In our original story, we explored why people felt awkward in lifts. Several readers wrote in to describe how people behave where they are:
"Get in a lift in Switzerland, France, or Italy and people will greet you as you enter, smile graciously and wish you a good day as you leave the lift. If you don't participate, people think you are rude and cold." Matt, London
"An odd custom I observed in Madrid is that everyone says goodbye when exiting - even though nobody talks whilst on board. It is the same awkwardness as everywhere else." Claudette, Madrid
"Every day I enter a lift in a multi-national organisation, where various conflicting lift etiquette cultures meet. The French expect you to say "bonjour" when you enter and "au revoir" when you leave. The Finns (and most Nordics) prefer silence and are uncomfortable if someone forces them to interact by saying "bonjour". I am definitely a Nordic on this issue." Henry Wickens, Luxembourg
Anon, Plymouth, UK I was once stuck in a small lift for about two hours with four other people. The fact that there were other people there made the ordeal less frightening, even though it was crowded, but my biggest fear was how I was going to urinate because I was the only female. The men were happy to pee down the shaft. It annoys me that those alarm buttons never seem to work, because no-one responded. Eventually one of the guys phoned the police, who said they would help, but never came. After about two hours, one of the guys finally realised how to open the second set of doors. We found ourselves between two floors, and jumped down to the lower one. Had we not rescued ourselves, I don't know how long we would've been there, since no-one seemed to care that we were stuck in there. Luckily I was able to control my bladder for the entire duration.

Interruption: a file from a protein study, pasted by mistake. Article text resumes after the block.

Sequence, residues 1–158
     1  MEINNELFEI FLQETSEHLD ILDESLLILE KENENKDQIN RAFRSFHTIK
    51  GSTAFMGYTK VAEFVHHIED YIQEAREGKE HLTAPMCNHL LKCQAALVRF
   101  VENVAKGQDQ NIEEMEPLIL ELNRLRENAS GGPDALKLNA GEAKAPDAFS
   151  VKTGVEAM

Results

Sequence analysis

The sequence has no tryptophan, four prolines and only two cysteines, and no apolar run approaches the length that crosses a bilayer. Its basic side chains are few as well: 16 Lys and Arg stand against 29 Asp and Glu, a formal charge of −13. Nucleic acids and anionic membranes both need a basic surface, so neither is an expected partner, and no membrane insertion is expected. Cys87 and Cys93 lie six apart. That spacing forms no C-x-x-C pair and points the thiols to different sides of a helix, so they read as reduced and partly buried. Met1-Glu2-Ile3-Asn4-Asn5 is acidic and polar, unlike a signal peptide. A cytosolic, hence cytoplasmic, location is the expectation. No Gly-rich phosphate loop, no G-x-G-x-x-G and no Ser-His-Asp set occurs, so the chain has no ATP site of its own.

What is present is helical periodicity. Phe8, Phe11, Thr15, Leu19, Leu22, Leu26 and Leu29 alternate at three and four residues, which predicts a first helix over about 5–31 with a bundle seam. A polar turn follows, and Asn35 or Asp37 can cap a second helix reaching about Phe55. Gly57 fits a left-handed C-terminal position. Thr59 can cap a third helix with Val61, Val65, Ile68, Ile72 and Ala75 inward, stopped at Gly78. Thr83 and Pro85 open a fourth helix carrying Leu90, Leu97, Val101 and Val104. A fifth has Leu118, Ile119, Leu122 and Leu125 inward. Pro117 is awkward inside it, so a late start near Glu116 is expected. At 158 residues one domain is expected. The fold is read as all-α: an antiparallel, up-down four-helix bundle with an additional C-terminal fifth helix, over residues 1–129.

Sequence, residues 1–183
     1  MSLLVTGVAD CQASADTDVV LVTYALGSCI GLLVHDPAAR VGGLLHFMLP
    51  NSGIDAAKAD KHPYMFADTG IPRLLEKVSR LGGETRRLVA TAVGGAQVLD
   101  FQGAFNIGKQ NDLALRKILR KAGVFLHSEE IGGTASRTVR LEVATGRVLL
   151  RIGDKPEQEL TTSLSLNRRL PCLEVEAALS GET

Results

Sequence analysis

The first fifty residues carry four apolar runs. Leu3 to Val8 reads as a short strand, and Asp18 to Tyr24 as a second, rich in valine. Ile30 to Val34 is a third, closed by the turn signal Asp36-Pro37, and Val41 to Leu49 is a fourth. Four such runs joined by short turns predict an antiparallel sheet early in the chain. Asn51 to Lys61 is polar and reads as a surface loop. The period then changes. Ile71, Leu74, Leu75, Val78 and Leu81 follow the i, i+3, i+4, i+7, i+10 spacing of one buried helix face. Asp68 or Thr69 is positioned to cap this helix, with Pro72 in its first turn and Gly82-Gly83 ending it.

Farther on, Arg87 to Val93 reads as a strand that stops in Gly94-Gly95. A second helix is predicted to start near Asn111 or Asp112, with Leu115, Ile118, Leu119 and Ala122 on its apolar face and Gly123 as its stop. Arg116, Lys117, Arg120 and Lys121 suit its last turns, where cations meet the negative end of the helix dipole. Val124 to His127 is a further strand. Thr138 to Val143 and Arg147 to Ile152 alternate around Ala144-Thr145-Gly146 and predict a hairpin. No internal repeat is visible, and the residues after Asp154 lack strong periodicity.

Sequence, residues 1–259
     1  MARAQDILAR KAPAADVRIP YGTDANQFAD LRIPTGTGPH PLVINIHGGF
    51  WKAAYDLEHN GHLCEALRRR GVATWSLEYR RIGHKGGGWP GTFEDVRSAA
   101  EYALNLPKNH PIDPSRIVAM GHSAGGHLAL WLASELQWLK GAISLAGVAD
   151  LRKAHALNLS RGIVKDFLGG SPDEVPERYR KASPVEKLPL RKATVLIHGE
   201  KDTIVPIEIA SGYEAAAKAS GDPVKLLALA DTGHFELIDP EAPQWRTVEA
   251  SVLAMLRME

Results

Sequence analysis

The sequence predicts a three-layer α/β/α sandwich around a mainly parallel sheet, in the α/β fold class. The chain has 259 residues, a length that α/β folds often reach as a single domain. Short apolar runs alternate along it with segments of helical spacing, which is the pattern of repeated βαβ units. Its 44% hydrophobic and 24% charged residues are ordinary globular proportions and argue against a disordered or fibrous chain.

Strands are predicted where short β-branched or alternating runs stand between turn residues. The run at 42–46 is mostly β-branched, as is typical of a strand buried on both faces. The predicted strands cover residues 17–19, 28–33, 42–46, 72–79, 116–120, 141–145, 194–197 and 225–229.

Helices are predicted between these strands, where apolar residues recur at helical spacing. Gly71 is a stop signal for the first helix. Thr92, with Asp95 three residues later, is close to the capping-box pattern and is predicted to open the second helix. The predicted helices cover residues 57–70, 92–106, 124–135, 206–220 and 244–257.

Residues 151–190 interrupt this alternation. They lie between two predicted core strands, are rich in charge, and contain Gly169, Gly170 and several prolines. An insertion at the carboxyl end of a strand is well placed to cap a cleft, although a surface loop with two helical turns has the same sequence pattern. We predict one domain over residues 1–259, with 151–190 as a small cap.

Lydia Kari, Nairobi, Kenya The lift got stuck between the 13th and 14th floor. It was just me and a guy who was high on something. I panicked and must have pressed the alarm enough times but at the same time tried not to show this guy I was more scared of him than the lift getting stuck. When the lift operators came I could not wait for them to work on it, despite them requesting me to be patient. They did what they could and pulled us out manually because of my persistence.
Jude Awdry, Princes Risborough, UK When travelling on a ferry between Plymouth and Santander, my young daughter was feeling very seasick. We went in the lift to go back to our cabin when it stopped and was stuck. We were eventually released but not before she had been violently sick several times!